Accused Russian Spy Peter Rafael Dzibinski Debbins Evidently Beat the Polygraph to Penetrate INSCOM and the DIA

Peter Rafael Dzibinski Debbins

On Thursday, 20 August 2020, a grand jury in the Eastern District of Virginia indicted former U.S. Army Special Forces officer Peter Rafael Dzibinski Debbins of Gainesville, Virginia on a single count of “Conspiracy to Gather or Deliver Defense Information to Aid a Foreign Government.” Debbins was arrested on Friday, 21 August 2020.

The indictment states that the 45-year-old Debbins graduated from the Reserve Officer Training Corps (ROTC) program at the University of Minnesota in 1997 and served on active military duty from July 1998 until November 2005. During this time, Debbins served in the U.S. Army Chemical Corps in Korea and at Fort Polk, Louisiana, and with the 1st Battalion, 10th Special Forces Group in Germany. Debbins was investigated for a security violation during a deployment to Azerbaijan in 2004, as a consequence of which he was relieved of command and his Top Secret/SCI security clearance was suspended. After leaving active duty, Debbins served in the inactive army reserve until 2010.

The indictment alleges that throughout his military service, indeed while still an ROTC cadet, Debbins was working on behalf of a Russian intelligence service. The indictment alleges, among other things, that during a meeting with two Russian intelligence officers in 2003, Debbins provided information about the 1st Battalion, 10th Special Forces Group, noting at para. 46 that he was instructed not to take a polygraph “test’:

46. During the meeting, RIS 5 and RIS 6 instructed DEBBINS not to take a polygraph and offered to give him training on how to deceive polygraphs. They further encouraged DEBBINS to continue pursuing a career in the Special Forces.

It is not specified whether Debbins ever received such polygraph countermeasure training.

The indictment does go on to note:

60. In January 2010, an Adjudicator with the U.S. Army Central Personnel Security Clearance Facility sent DEBBINS a letter notifying him that he had been granted a TS/SCI security clearance….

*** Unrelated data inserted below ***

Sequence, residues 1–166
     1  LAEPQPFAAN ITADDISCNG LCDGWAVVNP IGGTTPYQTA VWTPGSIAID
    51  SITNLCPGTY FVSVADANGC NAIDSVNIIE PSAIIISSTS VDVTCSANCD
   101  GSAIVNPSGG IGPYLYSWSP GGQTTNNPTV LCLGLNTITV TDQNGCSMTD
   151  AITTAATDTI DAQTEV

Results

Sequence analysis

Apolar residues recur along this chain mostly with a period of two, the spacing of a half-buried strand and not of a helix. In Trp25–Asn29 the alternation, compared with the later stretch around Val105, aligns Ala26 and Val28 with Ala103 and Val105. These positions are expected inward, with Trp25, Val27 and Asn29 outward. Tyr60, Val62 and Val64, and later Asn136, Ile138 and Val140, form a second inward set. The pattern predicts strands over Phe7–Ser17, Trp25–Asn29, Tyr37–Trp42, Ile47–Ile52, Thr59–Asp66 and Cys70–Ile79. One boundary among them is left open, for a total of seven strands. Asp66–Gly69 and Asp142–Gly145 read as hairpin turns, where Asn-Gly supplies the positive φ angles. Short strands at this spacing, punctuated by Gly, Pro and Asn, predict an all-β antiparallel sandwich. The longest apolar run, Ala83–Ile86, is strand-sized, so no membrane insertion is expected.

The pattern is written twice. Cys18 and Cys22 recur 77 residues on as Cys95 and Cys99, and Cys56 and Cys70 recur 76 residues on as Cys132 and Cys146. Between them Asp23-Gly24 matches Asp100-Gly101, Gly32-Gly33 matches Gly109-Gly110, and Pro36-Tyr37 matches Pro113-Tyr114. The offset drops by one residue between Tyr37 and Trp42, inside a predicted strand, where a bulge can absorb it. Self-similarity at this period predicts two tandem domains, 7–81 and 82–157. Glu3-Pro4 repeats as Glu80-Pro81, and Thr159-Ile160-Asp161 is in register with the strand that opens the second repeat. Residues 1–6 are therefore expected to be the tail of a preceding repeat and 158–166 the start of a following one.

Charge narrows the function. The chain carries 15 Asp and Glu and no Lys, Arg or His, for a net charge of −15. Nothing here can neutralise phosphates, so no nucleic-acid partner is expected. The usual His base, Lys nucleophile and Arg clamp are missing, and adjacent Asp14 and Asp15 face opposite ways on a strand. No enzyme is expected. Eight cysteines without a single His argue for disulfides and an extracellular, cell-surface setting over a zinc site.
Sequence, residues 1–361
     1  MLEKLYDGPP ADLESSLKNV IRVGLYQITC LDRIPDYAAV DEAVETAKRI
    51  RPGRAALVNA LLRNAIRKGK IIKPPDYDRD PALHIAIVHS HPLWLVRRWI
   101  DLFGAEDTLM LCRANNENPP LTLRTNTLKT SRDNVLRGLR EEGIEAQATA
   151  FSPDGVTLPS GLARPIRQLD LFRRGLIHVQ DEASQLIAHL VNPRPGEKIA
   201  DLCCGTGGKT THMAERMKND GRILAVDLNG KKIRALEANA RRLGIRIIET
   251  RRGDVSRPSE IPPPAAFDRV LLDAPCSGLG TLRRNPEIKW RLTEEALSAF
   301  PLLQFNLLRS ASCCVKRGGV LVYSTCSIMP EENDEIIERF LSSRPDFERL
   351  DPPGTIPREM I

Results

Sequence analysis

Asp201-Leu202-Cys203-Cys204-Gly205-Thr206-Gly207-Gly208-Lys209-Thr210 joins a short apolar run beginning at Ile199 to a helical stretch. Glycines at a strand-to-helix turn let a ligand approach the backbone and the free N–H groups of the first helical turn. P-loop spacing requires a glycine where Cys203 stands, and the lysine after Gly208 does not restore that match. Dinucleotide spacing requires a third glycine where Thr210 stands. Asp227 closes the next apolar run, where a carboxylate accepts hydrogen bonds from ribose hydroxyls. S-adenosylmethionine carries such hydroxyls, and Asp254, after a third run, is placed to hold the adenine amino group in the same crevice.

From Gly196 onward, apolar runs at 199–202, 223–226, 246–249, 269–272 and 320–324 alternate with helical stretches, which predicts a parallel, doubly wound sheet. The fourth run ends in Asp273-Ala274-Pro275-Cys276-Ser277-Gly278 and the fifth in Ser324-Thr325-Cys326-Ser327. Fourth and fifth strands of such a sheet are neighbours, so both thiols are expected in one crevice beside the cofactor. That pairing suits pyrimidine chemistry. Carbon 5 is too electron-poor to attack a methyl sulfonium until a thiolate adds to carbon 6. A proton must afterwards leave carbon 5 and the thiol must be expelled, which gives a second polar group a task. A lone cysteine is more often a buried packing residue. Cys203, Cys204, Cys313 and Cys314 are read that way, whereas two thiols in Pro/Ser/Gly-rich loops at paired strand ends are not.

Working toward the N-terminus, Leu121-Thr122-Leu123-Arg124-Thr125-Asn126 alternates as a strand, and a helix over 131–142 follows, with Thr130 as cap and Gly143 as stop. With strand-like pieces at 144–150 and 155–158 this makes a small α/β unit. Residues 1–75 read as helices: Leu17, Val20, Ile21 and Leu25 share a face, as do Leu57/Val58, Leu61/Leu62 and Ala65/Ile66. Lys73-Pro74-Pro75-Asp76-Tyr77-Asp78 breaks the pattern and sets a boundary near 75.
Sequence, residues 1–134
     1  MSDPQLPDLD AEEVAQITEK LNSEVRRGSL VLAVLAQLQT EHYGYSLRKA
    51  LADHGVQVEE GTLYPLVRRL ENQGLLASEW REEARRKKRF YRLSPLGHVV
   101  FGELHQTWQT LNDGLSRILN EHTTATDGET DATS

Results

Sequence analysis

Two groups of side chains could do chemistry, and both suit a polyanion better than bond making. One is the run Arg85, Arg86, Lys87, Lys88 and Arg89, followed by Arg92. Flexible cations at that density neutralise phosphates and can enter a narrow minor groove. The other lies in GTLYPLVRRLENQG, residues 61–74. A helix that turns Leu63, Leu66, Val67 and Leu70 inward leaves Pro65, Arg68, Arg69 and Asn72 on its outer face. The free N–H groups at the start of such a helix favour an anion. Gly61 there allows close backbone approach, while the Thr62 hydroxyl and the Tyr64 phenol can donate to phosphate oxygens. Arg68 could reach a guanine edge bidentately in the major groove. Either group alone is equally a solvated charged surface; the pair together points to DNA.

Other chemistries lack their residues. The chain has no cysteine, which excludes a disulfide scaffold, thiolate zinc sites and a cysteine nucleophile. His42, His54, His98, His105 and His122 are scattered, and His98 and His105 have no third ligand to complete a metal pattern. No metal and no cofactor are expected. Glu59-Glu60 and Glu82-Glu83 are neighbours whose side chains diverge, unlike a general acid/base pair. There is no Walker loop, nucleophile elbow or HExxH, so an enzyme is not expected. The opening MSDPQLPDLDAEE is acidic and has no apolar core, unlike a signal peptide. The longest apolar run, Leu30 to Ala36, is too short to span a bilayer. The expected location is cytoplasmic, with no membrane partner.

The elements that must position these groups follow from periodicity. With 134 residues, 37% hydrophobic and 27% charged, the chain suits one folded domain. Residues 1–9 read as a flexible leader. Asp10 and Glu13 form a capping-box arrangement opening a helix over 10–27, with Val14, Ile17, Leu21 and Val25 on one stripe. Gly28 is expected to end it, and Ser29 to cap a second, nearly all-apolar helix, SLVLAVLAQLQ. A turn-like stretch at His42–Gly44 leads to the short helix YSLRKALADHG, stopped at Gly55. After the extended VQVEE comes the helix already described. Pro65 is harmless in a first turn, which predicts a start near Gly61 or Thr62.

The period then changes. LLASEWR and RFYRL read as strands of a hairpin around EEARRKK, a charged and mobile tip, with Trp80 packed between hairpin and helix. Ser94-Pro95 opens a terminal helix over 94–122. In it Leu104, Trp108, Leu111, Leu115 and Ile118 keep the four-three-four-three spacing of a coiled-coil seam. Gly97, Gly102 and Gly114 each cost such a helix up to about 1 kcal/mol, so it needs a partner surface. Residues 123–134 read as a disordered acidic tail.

The indictment does not state for what purpose Debbins was granted this security clearance, but in a profile of Debbins on the website of the Institute for World Politics he states:

I got a job working at Fort Meade as a Russian analyst and did that for three years. I then transitioned to working as a cyber instructor for CACI for another three years.

If the espionage allegations against Debbins are true—and they seem to be well-documented, including a signed confession—then Debbins necessarily beat the polygraph to work at Fort Meade.

902nd Military Intelligence Group Crest

Debbins’ LinkedIn profile indicates that from January 2011 to March 2014, he worked as a “senior research analyst” for Mission Essential Intelligence Solutions, a government contractor. Debbins’ resume, made public on 27 August 2020 (after this article was first published), shows that this contract work was for the 902nd Military Intelligence Group, a counterintelligence unit falling under the U.S. Army’s Intelligence and Security Command (INSCOM) and headquartered at Fort Meade, Maryland. This position, for which Debbins needed a TS/SCI clearance, would have required polygraph screening.

Thereafter, from April 2014 to December 2015, Debbins indicates that he was an associate with Booz Allen Hamilton, another government contractor that among other things provides services to the NSA. However, Debbins’ resume indicates that his work with Booz Allen Hamilton was as a “Russian cyber analyst” for the Defense Intelligence Agency.

Since 1 January 2017, the Defense Intelligence Agency has required that all contractors inside the continental United States with SCI access pass a polygraph “test.” This requirement was extended to contractors outside the continental United States as of 1 July 2017. Thus, it is possible that Debbins also beat the DIA polygraph, though it’s possible that a previously passed army polygraph might have obviated the need for a DIA polygraph.

After that, Debbins indicates that he worked as an instructor for military contractor CACI International, Inc. from January 2016 to September 2017. A statement by DIA Senior Expert for Counterintelligence David L. Tomlinson indicates that this work was with DIA’s Joint Counterintelligence Training Activity.

Accused spy Debbins at RAF Molesworth nuclear bunker, 30 January 2018

Debbins’ profiles on LinkedIn and the Institute for World Politics indicate that after leaving CACI International, he worked through contractor CoSolutions, Inc. as a Russian studies instructor from August 2017 to January 2020.

DIA Senior Expert for Counterintelligence David L. Tomlinson’s statement indicates that the specific organization for which Debbins worked was the DIA’s Regional Joint Intelligence Training Facility (RJITF) at RAF Molesworth. The RJITF is closely associated with the DIA-operated Joint Intelligence Operations Center Europe (JIOCEUR) Analytic Center.